We’re on to the fifth interview in a series highlighting the organizers who make up East Bay for Everyone. Next up is Tomm!
What’s your name and pronouns? Tommaso Sciortino, he/him
What is your housing story? I lived at home until I moved to the Bay to attend UC Berkeley. At first I lived in the dorms but my family couldn’t afford that so after the first year I had to go back to San Diego and did community college with the hopes of returning. After a year I found out about the student co-ops and was able to come back to finish my studies. I lived in Stebbins co-op and made a lot of friends there. After graduating I lived in apartments in Berkeley and Oakland. Because I went into the private sector rather than grad school I was able to afford my own place (after the housing crash) but a lot of friends weren’t so lucky. One friend got Ellis acted out of her apartment. At least 5 friends left California specifically because of housing costs. I also have many friends who started out in SF and had to move to Oakland.
How did you get involved in housing advocacy? I had a political blog with some friends back in the early days of blogging and I followed a lot of blogs. Matt Yglesias is one of my favorites. I remember him tweeting about what eventually became the MacArthur Mammoth 5-8 years before it happened. When I got on Twitter I started following Sonja Trauss when YIMBY Twitter was basically just her.
The specific incident that got me involved happened right after I bought my house in 2010. I got a flier slipped under my door by neighbors complaining that an abandoned smog check station nearby was going to be turned into a 4-story apartment complex. They wanted us to write our city council member to make it shorter. I wrote them to make it taller. To this day, nothing has changed on that lot.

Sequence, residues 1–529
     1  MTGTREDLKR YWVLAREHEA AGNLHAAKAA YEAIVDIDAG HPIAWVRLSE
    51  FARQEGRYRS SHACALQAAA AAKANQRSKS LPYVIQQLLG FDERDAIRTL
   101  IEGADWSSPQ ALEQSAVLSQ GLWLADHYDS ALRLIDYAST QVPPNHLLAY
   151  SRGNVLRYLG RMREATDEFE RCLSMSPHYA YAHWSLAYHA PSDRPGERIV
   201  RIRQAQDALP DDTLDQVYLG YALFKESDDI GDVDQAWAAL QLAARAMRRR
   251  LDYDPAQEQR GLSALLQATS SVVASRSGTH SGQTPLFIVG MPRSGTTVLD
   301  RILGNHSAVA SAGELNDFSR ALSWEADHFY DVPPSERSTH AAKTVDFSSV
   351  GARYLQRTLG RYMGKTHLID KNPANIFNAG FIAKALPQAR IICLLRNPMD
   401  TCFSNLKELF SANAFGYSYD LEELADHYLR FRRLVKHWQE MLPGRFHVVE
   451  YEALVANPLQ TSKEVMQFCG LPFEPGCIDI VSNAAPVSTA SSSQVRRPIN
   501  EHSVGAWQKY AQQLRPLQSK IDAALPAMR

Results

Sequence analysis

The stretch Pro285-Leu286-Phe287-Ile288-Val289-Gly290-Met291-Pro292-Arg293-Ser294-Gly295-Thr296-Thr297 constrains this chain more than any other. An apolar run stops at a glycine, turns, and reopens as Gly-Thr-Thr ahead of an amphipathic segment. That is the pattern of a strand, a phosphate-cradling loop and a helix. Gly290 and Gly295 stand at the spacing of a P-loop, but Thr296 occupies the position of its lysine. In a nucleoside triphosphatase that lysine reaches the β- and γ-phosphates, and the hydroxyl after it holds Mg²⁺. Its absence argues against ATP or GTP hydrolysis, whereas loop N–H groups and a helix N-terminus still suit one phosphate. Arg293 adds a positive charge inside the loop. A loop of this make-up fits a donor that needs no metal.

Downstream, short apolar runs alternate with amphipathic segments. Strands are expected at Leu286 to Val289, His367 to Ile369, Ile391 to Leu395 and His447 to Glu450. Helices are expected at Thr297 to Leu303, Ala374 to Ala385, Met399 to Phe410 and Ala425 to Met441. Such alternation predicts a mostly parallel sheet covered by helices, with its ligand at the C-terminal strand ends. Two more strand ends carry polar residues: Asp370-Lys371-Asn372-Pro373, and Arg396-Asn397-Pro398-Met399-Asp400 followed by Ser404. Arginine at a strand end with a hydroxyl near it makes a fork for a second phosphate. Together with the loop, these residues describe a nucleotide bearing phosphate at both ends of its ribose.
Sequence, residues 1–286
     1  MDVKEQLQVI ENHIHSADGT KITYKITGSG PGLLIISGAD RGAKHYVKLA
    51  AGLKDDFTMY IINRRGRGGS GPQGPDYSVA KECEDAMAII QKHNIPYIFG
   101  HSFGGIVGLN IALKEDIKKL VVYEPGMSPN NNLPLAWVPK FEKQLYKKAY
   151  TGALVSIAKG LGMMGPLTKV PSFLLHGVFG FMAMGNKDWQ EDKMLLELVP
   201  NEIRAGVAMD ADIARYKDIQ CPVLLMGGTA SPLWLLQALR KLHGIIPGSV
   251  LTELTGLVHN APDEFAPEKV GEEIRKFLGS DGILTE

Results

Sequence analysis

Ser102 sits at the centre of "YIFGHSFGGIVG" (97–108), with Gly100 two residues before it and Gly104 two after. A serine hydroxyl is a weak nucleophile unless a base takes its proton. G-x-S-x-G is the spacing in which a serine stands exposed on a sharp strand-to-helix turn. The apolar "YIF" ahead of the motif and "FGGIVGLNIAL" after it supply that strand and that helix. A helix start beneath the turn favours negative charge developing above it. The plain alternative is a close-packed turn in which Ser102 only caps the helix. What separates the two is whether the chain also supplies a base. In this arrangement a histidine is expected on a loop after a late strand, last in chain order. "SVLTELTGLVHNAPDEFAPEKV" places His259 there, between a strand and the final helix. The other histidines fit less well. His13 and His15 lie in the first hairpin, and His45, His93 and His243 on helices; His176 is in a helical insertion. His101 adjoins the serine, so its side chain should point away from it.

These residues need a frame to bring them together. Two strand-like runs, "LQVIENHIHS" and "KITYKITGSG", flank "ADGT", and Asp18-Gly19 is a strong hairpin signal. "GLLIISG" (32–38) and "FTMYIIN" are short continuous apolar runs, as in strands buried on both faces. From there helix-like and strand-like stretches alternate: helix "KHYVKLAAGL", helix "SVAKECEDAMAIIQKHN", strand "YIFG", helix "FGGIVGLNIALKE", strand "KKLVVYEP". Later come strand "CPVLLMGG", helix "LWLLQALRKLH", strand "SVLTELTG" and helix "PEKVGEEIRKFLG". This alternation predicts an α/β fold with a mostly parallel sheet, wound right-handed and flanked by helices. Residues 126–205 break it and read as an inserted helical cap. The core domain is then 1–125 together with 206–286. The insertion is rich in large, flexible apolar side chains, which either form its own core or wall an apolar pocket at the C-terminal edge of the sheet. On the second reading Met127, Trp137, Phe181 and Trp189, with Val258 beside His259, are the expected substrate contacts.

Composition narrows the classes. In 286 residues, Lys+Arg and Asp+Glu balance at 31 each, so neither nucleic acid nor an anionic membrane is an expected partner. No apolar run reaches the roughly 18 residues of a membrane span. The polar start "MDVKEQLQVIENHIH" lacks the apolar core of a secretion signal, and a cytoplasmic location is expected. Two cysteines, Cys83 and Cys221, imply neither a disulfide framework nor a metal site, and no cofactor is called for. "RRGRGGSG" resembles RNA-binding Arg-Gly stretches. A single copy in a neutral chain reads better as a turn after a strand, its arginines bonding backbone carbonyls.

What led you to join East Bay For Everyone? I did a little advocacy in SF with SFBARF but switched to East Bay For Everyone shortly after it was founded. I started attending at the third or fourth meeting. The MacArthur Mammoth was the first big campaign I was involved with. It was an unusually successful campaign for YIMBYs. YIMBYs outnumbered NIMBYs at most meetings. So it was a resounding success.
On being Italian: I think being Italian contributed to my YIMBYness. Both of my parents grew up in Sicily and we went back to visit family often. The thing about Italy is that most cities are dense and walkable. It makes the towns vibrant. My aunt recently visited America for the first time. She said the tract housing neighborhoods my mom and sister live in seem so dead and lifeless, and I agree.
Growing up in San Diego, I’d hear stories about how Little Italy there had been destroyed by the construction of the 5 freeway. And indeed, I always remember it being dead and car-centric. It’s revitalized in the last decade or so precisely because they’ve built dense housing nearby.
On the Grand Unified Theory of YIMBY: I’m a big believer in the theory that leaded gasoline caused crime to spike in the 70’s and 80’s. Boomers correctly observed that crime per person was higher in cities during that time and incorrectly concluded that density was the problem so they oppose it to this day. Millennials have no memory of a time when crime was bad in cities so urbanism doesn’t have negative associations for them. For them, cities are more interesting and desirable. The modern day urban housing shortage was created precisely by the fact that more people prefer urban life.
On YIMBYism and parenthood: No, I’m not averse to using my four month old as a political prop. My sincere hope is that, by the time my son is making his own housing decisions, YIMBYism won’t even be a thing anymore. Cars are one of the leading cause of death for children so anything I can do to reduce auto-dependence is good. Plus also, the planet is on fire.